I often work with college students who have a difficult time transitioning to the workload, social aspect and emotional difficulties of being out of the home. Going off to college or leaving home for the first time can be complicated. Many young adults struggle to make the adjustment and need help. Those who make it to my office often have a family member urging them to get help, or they have realized that they need help an are proactive enough to get it (although this is more rare). I work with these clients to develop independent living skills so that they can function at work, school and with their friends, while maintaining a good connection with family at home. One of the reasons the struggle is that they haven’t had a chance to go out on their own yet. It seems ironic, because now that they are out on their own, its too much for them. Don’t worry – this is normal. Its ok to have a difficult time in this transition. However, its important to note several milestones as they progress:

  • Financial – are they able to financially manage their money without parents overseeing it all?
  • Social – are they able to balance their social life with work and school? Do they have a social life or are they secluded in their apartment”
  • Scholastic – are they able to meet the demands of school and ask for help when needed?
  • Work – are they working and are they able to maintain a job while engaged in the rest of their life?

If you answered ‘no’ to any of these, they might need help. See out a therapist who knows how to help young people transition here.

By Triston Morgan, PhD, LMFT

My four-year-old daughter placed herself in the middle of our living room to play with blocks. She was so engrossed with building a wooden castle that she didn’t notice her two-year-old sister walking towards her with her right arm stretched far back to slap her older sister across the head. When that slap came, my older daughter went from happy to surprise to anger and then lots of tears. She ran towards me seeking justice. “Mommy, she hit me!” My younger daughter remained still, looking innocent. I immediately walked over to her with my older daughter in hand and said, “Hands are not for hitting. Say sorry for hitting please.”  I’m sure many parents can relate to this scenario. Teaching our children the skills for making amends is an important life skill and is not so much about saying the words “I’m sorry”.  

There is a belief amongst some parents that enforcing premature apologies on children is not effective. Their reasoning is that premature apologies teach children to lie and encourage insincerity. It also creates shame and embarrassment. Other studies show that young children have the ability to be empathetic even before they can speak; therefore, parents should encourage apologies (Smith, Chen, Harris; 2010). As I reflected on my research and my knowledge as a Marriage and Family Therapist, I recognized several things we can do as parents to create productive apologies: 

  1. Keep yourself in check: It’s frustrating to see your children fight, especially when it happens at inconvenient times. However, it’s important to remain calm and model for your children how to handle frustration.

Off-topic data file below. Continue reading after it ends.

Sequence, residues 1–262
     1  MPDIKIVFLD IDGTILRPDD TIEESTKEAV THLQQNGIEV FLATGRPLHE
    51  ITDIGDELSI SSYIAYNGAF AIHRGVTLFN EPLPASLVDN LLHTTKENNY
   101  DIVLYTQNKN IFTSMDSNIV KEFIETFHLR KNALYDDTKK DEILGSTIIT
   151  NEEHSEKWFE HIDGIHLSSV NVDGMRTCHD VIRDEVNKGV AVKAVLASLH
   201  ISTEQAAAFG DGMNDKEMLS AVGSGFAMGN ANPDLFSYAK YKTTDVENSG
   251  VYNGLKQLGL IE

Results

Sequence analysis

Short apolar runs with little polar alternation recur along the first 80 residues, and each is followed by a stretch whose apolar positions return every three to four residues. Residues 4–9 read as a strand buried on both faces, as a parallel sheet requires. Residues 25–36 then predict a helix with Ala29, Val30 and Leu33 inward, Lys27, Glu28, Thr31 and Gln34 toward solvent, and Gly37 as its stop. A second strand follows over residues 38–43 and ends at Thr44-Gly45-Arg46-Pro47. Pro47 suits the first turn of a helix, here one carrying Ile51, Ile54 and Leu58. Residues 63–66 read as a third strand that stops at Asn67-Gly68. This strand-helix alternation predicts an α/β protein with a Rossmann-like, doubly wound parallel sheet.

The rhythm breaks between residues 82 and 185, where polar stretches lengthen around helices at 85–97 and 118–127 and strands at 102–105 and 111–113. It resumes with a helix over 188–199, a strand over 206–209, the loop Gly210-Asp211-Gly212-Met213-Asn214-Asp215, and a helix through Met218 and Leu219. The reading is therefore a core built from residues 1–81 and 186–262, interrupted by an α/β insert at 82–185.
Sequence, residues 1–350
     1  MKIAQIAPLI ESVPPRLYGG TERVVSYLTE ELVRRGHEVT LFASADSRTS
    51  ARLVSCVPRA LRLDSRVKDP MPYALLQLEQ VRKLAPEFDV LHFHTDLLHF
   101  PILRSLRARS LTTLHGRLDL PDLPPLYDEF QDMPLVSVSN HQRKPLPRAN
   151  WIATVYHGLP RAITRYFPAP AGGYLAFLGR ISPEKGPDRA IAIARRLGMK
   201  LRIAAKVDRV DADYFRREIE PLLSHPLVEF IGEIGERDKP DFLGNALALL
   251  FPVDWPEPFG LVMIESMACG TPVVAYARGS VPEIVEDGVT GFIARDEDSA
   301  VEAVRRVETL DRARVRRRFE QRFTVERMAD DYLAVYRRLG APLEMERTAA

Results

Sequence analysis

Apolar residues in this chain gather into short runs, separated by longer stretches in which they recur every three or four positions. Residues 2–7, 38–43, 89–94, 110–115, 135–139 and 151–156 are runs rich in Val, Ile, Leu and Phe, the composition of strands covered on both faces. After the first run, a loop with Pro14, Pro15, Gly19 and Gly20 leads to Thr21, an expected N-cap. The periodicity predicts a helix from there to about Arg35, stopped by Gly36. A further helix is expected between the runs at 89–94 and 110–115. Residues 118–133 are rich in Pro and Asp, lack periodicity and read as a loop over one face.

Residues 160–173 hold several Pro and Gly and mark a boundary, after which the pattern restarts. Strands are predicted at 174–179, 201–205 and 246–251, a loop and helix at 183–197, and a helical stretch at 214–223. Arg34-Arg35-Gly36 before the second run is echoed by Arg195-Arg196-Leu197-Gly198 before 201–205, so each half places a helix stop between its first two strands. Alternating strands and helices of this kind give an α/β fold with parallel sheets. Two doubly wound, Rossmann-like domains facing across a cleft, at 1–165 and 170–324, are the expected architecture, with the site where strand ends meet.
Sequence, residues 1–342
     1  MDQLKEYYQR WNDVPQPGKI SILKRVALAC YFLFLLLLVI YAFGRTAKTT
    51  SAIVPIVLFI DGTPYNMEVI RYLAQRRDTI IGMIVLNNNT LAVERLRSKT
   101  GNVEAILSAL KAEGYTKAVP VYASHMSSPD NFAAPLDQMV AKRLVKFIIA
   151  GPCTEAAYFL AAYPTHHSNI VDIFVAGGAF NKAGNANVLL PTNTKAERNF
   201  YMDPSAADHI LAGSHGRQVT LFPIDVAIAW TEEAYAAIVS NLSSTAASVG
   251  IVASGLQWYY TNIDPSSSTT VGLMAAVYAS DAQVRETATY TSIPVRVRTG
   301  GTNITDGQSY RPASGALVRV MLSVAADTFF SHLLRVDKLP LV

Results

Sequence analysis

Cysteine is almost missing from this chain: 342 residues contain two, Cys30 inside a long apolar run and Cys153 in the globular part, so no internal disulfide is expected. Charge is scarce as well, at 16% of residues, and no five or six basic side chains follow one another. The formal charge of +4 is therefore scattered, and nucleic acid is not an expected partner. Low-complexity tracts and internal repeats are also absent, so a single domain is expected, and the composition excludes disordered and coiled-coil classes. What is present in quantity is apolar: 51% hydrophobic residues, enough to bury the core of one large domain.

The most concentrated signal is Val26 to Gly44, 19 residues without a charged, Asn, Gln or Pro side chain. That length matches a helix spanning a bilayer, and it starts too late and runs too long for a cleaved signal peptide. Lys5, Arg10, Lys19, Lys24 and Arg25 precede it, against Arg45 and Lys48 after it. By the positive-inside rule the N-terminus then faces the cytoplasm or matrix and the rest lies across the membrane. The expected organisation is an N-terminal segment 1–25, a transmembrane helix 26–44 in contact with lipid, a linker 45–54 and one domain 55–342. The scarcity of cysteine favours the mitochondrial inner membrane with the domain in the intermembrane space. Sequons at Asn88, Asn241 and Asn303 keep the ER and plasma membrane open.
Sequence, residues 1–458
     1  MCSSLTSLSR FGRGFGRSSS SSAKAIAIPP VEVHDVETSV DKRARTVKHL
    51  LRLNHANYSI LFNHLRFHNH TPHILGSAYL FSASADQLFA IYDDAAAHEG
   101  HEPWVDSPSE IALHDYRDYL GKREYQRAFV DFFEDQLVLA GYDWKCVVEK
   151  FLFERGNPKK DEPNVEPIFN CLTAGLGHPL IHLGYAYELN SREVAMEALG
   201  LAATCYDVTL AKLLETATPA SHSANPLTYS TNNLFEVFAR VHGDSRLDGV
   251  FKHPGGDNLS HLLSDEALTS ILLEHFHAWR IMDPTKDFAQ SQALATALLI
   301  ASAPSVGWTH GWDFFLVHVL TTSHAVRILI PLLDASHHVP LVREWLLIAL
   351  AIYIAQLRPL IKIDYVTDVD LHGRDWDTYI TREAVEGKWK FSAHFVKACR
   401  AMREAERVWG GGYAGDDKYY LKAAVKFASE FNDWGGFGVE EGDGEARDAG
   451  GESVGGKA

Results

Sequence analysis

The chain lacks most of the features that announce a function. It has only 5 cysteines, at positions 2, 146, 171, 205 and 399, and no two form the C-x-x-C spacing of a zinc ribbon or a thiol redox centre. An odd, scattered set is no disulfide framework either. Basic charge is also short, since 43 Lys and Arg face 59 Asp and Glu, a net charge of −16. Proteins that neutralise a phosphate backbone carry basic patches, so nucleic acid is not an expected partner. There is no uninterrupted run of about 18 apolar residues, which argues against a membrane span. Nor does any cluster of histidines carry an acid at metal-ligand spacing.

2. Be immediate when possible: When you see an incident occur between your children, address it. The best time for learning and growth is when the incident is still fresh in their minds. However, when there are time constraints and the issue cannot be addressed right away, it is important to tell your children when and where it will be addressed. Be consistent when using the alternative and follow through.  
  3. Ask instead of tell: Avoid lecturing. Ask questions instead. “Tell me what happened?” “What were you feeling when you hit your sister?” Validate the expressed emotion and help them to understand that it is okay to feel frustration and sadness; however, it is not okay to hit or throw things. Help them to also make the connection between emotion and action. “Look at her face, how do you think she’s feeling right now?” Asking these types of questions enhances empathy. 
  4. Problem Solve: Ask questions about what they think they should do when they feel frustrated or sad. Help them to come up with solutions.  Ask questions about how they can make things better with their sibling/s. 
  5. Have them practice a do-over: When your child identifies the solution, have them practice it with the other sibling/s. Praise them for their efforts at the end.    

What is more important than the phrase “I’m sorry” is what children take away from the experience. We can facilitate and enhance learning opportunities by not focusing on the phrase “I’m sorry” but instead more on what can be learned from this situation and how can we improve.  

 

Originally posted here: http://www.provofamilies.com/2018/02/07/forced-apologies/

For most of us, depression is something that comes and goes. For a few of us, it’s something that comes and stays – for reasons that we don’t always know or understand. When we lose someone lose to us or have a situation that hurts, we might feel down. This type of depression can be situational more than anything else. This happens often after women give birth. For months following, they might feel down or blue. If they are able to pull themselves out of it through sleep, eating well, taking a shower, reading a book or some any other way that they use to cope, then its usually not post-partum depression. If it doesn’t go away after these attempts, it can be something more serious and may need medical or professional help. Depression is the same way. We can’t expect to pull ourselves out of depression on our own when it is the more serious type. Counselors are trained professionals who can help. Many of them will utilize the power of your relationships and invite your family to attend sessions. This helps because you are then able to connect to those who matter most and work it out together.